At that moment we heard a siren somewhere in the distance growing louder.
“I need to leave now,” I said.
“You go! Boro! Boro! Zud bash!” (Go! Go! Hurry!) exclaimed the old man waving me away vigorously with his hands.
I stepped away from the old man and got into my car, knees and hands still shaking. I turned the key in the ignition and headed out to the main highway by first going around the block. I waited until I heard the siren stop and then proceeded. As I drove, I kept checking the rear view mirror, side streets, and intersections for any sign of a black Mercedes. But it had done its dirty work and was long gone. When I got back to the Teamhouse, I unloaded my car and took the goods up to my room. The boxes seemed incredibly heavy and my shaking knees complained at the load as I came up the stairs the last time. When I had finished, I collapsed into my bed and started sobbing again. “Junior, I am so sorry man,” kept repeating as though he could hear me.
I looked at the huge roll of cash, and was suddenly struck with an irrational fear that Lou might think I was trying to cheat him. I counted out what I felt Junior would have paid him that day and put it in an envelope, then slipped it my desk drawer. I took out a sheet of paper, and scrawled simply, “Lou, bad news. Junior’s dead. SAVAK shot him.” I placed the note on the desk where he could find it then walked downstairs to my car.
I dreaded having to tell Fari what happened, but forced myself to the car. When I walked into the house minutes later, Fari emerged from her room to meet me and immediately stepped back. “Oh my god, Doug! What happened? Your eyes are all red!”
“Fari, Junior’s dead. SAVAK shot him in the…in the…back of the head,” I said with my voice breaking.
Fari put her arms around me and held my while I continued to weep. “Doug, this is awful.”
I put my face down onto Fari’s shoulder. “Junior was a good person,” I said through my tears. “He didn’t deserve to die.”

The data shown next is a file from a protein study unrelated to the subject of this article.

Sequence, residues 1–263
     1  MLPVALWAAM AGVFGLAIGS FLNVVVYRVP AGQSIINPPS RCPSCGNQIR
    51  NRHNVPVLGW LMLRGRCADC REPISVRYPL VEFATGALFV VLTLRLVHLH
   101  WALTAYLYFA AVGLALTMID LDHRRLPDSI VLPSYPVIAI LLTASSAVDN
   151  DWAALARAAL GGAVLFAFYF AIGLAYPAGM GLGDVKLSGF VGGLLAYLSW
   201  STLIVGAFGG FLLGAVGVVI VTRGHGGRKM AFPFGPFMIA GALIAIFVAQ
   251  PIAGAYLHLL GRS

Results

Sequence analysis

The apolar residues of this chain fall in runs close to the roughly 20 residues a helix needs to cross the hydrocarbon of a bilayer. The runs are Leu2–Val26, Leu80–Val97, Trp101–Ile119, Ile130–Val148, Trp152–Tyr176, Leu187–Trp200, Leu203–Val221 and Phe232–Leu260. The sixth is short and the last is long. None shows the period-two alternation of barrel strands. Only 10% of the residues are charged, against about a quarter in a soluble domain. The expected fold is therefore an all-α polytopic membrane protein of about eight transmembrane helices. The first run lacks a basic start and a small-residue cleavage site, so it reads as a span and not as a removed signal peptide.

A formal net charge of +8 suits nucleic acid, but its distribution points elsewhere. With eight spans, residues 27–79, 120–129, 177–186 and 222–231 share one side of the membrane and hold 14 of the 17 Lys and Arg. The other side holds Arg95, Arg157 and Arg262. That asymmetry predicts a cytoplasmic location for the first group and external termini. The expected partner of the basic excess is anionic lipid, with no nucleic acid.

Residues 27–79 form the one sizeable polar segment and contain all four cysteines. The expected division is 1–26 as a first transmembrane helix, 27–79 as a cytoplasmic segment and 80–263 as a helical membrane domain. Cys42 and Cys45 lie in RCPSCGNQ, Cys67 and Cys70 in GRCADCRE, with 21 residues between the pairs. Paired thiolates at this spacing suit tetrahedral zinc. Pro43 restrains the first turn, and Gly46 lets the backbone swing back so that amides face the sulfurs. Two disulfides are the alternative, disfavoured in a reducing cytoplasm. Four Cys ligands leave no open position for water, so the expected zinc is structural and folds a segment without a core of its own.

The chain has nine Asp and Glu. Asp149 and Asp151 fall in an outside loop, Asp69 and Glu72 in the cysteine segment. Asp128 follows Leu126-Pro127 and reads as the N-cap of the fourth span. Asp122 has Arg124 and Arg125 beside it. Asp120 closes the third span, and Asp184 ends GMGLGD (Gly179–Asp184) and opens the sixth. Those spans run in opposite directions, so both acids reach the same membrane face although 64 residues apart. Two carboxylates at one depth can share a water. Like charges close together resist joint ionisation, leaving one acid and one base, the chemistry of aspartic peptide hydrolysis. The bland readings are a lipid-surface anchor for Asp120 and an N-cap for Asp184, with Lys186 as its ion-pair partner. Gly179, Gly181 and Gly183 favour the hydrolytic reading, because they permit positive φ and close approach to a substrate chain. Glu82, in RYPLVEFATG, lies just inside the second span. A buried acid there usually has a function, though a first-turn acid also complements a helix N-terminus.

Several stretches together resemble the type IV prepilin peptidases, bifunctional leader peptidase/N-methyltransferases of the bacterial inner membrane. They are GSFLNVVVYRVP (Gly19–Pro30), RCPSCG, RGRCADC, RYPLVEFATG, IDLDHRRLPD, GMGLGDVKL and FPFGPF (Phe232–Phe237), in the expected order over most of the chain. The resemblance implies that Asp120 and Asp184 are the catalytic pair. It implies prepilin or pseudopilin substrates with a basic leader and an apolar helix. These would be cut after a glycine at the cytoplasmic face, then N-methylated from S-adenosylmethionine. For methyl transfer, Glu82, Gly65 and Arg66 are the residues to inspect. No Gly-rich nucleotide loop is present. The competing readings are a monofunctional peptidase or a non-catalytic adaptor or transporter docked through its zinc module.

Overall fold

Published June 2011
Writing is like exercise – you need to keep in shape: Writer and Internet marketer Aaron Harris notes five goo... bit.ly/1VSg3La
Whether you have written nonfiction or fiction, all books in essence are about a story.
In light of the hundred of thousands of books published each year and the number increasing daily with the explosion of ebooks and self-publishing, your book has to be exceptional to get noticed and to ultimately be purchased.
Here are some basic elements that should be in every book:
1. Known as the lead or hook in newspapers, the first sentence or paragraph should effectively communicate something that will entice, interest or emotionally attach the reader to your book so he or she will want to read the rest of the book.
2. Every word, sentence, paragraph and section or chapter should relate in some way to the theme or story in a significant way. Background information on a character, a situation or concept should not be there just to fill pages. It should all relate in some way like the Ying and Yang - each complement each other, each are relevant to each other as parts that create the whole.
3. This may sound obvious, but your book should have a beginning, a middle and an end. In essence, all questions, concerns or conflicts should be resolved by the end of the book. The reader should not be left with any questions whether your book is nonfiction or fiction unless intentional.
Content is king. No matter what you write about, if the content and the writing engages, inspires, entertains or educates with an emotional attraction, the world will open up to you.
If you have a completed manuscript, we would like to hear from you. We are currently looking for titles to publish.
Go to our Query Page (see the tab on the top) and review our submission requirements before submitting your manuscript. We like to receive the first three chapters by email.